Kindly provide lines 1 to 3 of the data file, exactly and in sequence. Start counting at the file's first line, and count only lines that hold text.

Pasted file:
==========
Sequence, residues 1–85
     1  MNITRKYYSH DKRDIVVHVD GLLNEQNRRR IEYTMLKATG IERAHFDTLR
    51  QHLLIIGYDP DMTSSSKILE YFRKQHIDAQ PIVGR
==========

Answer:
Sequence, residues 1–85
     1  MNITRKYYSH DKRDIVVHVD GLLNEQNRRR IEYTMLKATG IERAHFDTLR
    51  QHLLIIGYDP DMTSSSKILE YFRKQHIDAQ PIVGR